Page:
July 28 is the first day of Eid Al-Fitr

Updated 28 July 2014
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July 28 is the first day of Eid Al-Fitr

The Supreme Court declared Sunday as the last day of the holy month of Ramadan 2014 and Monday, July 28, as the first day of Eid Al-Fitr.
A statement by the Royal Court, carried by the Saudi Press Agency (SPA), said that the highest court made the decision in a meeting at its headquarters in the city of Taif after having verified a number of evidence from adult witnesses from different parts of the country, who reported that they have eye-sighted the new moon of the month of Shawwal 1435 in the Islamic calendar.
“On this occasion, the Higher Court extends congratulations to the Custodian of the Two Holy Mosques King Abdullah bin Abdulaziz Al Saud, his Crown Prince and the Deputy Crown Prince as well as the government and people of the Kingdom of Saudi Arabia and all nationals of the Islamic nation on the advent of the blessed Eid Al-Fitr, appealing to Allah Almighty to accept their fasting and worshipping during Ramadan and have them come to unity and enjoy good days,” the Royal Court announcement quoted the higher court as saying in a message.


Kaaba’s replacement cloth fitted in record time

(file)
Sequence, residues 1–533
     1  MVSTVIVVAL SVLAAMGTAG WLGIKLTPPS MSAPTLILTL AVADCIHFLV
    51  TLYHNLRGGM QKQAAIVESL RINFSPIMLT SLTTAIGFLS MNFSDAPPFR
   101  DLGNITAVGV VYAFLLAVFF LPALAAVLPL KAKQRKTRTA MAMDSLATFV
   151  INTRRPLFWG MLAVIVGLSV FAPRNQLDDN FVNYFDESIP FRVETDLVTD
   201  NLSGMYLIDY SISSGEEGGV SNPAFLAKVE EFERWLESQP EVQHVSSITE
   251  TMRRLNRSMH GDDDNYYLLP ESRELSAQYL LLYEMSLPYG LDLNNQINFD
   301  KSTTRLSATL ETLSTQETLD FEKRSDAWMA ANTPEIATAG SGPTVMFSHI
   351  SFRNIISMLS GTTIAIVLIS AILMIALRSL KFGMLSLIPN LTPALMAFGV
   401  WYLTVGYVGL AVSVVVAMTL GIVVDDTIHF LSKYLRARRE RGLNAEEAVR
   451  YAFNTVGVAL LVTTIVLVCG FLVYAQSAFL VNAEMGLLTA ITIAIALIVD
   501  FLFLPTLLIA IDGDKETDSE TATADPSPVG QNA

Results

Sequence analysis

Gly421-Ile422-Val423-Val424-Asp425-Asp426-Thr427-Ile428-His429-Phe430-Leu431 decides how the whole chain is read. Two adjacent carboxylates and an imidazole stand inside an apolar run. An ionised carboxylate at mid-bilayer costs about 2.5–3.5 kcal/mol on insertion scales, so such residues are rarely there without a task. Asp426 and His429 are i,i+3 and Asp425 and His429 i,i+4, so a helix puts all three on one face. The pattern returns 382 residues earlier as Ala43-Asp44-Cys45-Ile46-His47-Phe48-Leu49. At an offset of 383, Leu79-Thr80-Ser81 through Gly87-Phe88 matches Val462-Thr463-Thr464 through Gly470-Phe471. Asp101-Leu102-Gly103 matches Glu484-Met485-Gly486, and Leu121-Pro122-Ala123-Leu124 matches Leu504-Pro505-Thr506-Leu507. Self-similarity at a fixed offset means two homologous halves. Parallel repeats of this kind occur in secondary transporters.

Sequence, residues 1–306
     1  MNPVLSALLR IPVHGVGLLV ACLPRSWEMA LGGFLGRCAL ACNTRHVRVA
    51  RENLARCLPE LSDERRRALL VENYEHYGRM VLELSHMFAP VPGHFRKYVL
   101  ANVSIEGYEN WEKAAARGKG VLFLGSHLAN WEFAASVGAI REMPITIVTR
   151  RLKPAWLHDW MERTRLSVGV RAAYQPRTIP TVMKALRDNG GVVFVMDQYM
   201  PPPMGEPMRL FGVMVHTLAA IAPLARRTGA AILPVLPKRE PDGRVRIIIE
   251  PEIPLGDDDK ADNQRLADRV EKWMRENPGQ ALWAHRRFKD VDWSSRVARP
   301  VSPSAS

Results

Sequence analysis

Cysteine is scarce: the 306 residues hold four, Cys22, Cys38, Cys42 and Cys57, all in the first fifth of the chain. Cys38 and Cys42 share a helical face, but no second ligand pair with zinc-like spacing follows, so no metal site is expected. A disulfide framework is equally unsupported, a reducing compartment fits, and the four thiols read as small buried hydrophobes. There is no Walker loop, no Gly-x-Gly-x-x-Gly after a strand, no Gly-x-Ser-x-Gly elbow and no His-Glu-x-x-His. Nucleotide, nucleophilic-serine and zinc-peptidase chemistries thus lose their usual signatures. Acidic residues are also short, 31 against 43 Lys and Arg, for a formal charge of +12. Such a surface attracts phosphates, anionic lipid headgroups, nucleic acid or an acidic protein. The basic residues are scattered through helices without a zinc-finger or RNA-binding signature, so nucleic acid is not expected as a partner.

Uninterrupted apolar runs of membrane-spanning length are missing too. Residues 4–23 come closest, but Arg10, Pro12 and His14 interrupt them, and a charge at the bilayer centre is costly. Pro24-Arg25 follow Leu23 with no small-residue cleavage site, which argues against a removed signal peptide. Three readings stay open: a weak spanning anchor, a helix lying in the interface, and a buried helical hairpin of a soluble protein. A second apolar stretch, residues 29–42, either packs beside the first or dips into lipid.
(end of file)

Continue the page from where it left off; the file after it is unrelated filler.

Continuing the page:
Updated 20 August 2018
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Kaaba’s replacement cloth fitted in record time

  • The work was carried out while pilgrims continued to circumambulate the Kaaba
  • A team of 160 workers carry out the task in record time, while pilgrims continue around them

JEDDAH: It took a team of 160 workers and technicians just three hours to fit the cloth that covers the Kaaba in the Grand Mosque in Makkah, setting a new record, state news agency SPA reported.

Working under the management of Saudi Arabia’s  General Presidency of the Grand Mosque and the Prophet's Mosque Affairs, the team actually finished 30 minutes earlier than the allotted time, fitting the Kiswa to the Kaaba.

The new cloth was prepared and transported before Monday’s Fajr prayer to the Grand Mosque.

The Kaaba is 14 meters high and its longest wall is 13 meters wide.

The Kiswa is made of 670 kilograms of silk, 120 kg of gold, and 100 kg of silver.

Every meter of silk was created by 100,000 threads, and the overall weight of the Kiswa is 1,150 kg, produced on 23 modern sewing machines.